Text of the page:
It has been suggested this week that France and Germany are planning to push forward plans for a minimum corporation tax rate across Europe, which some fear would result in higher taxes on British firms.
European officials are rumoured to be about to debate plans to set a European-wide floor on corporation tax in a bid to clamp down on tax havens such as Ireland and Luxembourg, which is a direct challenge to Prime Minister David Cameron who is calling for sovereignty to be returned to EU members.
In fact, a Downing Street spokesman said that the Government has a long-standing view on tax harmonisation, which is not to support it, and added that the UK would veto any proposals that see it surrendering power over tax rates to Brussels.
The news has emerged as the new Government is planning to make good on its pre-election promise to re-negotiate the terms of the UK’s membership of the EU and campaigners says that the proposals highlight the scale of the challenge Mr Cameron faces in this regard. As one put it, the news suggests “there are those at the heart of the Eurozone who want more power over Britain, not less.”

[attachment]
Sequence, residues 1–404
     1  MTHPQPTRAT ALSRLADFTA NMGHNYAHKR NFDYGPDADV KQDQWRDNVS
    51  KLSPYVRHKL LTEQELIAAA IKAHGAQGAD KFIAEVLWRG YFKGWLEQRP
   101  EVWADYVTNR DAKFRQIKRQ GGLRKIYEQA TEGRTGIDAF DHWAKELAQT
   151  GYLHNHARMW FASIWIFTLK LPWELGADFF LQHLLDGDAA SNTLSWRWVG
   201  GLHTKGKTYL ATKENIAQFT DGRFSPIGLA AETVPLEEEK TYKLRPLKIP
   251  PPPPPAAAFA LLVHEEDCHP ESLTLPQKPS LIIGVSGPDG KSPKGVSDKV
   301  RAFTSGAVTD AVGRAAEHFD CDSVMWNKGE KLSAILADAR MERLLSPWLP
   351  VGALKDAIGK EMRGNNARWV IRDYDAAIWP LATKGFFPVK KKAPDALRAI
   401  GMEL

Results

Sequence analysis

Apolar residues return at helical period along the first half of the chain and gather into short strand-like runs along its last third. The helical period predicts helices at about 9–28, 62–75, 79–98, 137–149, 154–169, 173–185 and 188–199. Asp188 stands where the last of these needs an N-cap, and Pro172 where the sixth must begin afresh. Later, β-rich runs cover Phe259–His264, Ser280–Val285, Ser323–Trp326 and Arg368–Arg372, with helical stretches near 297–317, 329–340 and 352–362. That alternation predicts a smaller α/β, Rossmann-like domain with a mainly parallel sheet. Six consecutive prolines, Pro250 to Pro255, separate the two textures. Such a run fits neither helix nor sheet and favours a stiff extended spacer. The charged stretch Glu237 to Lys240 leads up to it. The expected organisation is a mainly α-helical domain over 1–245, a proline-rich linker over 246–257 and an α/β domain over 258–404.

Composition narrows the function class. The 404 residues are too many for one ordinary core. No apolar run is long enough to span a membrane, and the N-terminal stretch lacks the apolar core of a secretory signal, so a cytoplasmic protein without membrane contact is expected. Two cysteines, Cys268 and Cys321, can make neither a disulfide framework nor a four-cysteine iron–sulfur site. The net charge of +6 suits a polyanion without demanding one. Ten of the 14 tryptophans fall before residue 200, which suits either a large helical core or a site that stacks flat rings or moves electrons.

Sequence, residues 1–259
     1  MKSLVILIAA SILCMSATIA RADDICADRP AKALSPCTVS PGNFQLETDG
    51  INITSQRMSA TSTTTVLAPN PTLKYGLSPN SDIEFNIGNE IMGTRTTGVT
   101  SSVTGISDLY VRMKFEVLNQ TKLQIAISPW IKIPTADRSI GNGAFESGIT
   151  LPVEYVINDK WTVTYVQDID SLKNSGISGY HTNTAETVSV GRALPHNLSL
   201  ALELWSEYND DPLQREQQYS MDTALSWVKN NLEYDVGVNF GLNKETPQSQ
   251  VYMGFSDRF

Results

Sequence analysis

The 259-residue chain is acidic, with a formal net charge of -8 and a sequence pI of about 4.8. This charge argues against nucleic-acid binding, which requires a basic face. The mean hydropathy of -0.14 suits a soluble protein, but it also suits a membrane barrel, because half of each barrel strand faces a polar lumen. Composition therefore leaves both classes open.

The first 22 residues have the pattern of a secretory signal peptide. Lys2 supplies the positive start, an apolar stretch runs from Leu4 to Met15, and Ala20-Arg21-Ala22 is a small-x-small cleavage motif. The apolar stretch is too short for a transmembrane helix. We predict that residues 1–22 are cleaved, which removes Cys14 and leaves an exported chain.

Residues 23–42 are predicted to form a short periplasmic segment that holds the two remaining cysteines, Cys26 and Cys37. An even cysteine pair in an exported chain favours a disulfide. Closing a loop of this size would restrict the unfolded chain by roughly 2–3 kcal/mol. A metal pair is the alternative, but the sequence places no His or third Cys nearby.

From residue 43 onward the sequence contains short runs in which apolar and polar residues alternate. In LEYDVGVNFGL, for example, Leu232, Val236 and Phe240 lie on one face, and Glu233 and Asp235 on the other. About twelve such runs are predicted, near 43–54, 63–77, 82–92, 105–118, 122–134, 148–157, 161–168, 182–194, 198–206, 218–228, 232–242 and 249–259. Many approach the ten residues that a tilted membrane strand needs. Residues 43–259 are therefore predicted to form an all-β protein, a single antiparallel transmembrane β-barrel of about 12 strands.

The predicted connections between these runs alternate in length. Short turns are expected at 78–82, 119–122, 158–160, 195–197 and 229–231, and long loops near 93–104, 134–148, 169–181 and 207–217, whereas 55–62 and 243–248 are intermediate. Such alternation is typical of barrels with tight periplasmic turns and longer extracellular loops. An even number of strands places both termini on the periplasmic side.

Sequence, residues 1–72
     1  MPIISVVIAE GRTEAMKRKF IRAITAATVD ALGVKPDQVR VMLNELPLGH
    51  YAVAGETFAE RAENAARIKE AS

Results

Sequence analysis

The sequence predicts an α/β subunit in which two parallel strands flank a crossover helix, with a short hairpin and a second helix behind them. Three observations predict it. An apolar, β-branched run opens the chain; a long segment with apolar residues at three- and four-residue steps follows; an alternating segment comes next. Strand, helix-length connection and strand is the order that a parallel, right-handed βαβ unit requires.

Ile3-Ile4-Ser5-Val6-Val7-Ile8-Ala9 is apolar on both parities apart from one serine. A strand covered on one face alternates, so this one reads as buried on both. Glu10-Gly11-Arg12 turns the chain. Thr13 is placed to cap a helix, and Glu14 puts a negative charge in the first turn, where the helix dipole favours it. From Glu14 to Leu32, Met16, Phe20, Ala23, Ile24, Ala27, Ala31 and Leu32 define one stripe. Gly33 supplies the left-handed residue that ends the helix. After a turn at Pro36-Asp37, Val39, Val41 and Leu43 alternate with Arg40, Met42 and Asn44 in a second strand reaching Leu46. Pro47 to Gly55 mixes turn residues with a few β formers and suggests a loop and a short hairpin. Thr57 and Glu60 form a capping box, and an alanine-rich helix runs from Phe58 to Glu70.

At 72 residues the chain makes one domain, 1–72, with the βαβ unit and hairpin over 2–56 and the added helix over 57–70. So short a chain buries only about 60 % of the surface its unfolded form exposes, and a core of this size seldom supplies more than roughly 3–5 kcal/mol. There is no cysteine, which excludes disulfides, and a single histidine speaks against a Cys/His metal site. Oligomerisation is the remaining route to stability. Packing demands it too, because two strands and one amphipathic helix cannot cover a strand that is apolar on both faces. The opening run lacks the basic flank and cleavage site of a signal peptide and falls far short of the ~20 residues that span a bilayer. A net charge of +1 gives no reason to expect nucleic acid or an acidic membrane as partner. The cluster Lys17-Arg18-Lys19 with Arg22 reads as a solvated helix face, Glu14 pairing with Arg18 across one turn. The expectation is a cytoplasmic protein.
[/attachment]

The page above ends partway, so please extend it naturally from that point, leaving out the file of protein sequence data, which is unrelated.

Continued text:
Later today (May 27), EU officials will discuss how to tackle tax avoidance and create a system of “fair, transparent and growth friendly” corporation taxation. The discussion will “feed into” an announcement on corporation tax next month and will include plans to create a basic rate of corporation tax across Europe.
The UK has the lowest corporation tax rate in the G7, at 20 per cent, while Ireland, the base of many international tech companies, has a 12.5 per cent rate. France and Germany, however, both have rates above 30 per cent.